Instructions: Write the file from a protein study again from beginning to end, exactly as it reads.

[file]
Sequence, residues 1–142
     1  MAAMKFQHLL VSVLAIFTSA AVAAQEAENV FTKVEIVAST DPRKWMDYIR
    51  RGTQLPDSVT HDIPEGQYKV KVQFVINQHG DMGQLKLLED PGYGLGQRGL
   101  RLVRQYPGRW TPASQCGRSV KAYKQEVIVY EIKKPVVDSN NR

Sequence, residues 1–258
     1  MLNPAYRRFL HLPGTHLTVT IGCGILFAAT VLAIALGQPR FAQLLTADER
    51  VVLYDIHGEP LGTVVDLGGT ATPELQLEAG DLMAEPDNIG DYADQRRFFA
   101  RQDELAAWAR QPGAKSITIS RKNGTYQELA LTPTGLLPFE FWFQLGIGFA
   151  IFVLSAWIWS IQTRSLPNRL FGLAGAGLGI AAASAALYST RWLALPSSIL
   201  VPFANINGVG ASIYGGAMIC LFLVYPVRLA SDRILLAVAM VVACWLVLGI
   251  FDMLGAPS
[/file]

Sequence, residues 1–142
     1  MAAMKFQHLL VSVLAIFTSA AVAAQEAENV FTKVEIVAST DPRKWMDYIR
    51  RGTQLPDSVT HDIPEGQYKV KVQFVINQHG DMGQLKLLED PGYGLGQRGL
   101  RLVRQYPGRW TPASQCGRSV KAYKQEVIVY EIKKPVVDSN NR

Sequence, residues 1–258
     1  MLNPAYRRFL HLPGTHLTVT IGCGILFAAT VLAIALGQPR FAQLLTADER
    51  VVLYDIHGEP LGTVVDLGGT ATPELQLEAG DLMAEPDNIG DYADQRRFFA
   101  RQDELAAWAR QPGAKSITIS RKNGTYQELA LTPTGLLPFE FWFQLGIGFA
   151  IFVLSAWIWS IQTRSLPNRL FGLAGAGLGI AAASAALYST RWLALPSSIL
   201  VPFANINGVG ASIYGGAMIC LFLVYPVRLA SDRILLAVAM VVACWLVLGI
   251  FDMLGAPS